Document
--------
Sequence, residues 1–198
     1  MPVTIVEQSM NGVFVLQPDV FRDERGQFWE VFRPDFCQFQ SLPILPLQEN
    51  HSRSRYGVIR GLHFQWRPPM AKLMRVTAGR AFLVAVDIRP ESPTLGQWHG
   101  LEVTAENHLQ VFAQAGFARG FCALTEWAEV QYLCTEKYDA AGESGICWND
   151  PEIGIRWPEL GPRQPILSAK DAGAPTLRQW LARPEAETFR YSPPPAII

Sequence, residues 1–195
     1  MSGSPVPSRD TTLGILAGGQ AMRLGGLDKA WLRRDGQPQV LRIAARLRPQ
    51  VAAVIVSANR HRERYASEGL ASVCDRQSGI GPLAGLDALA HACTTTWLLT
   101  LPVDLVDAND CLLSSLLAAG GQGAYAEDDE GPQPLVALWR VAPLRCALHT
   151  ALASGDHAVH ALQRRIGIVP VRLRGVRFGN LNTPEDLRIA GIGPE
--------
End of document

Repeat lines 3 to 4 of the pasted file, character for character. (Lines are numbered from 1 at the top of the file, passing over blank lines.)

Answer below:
    51  HSRSRYGVIR GLHFQWRPPM AKLMRVTAGR AFLVAVDIRP ESPTLGQWHG
   101  LEVTAENHLQ VFAQAGFARG FCALTEWAEV QYLCTEKYDA AGESGICWND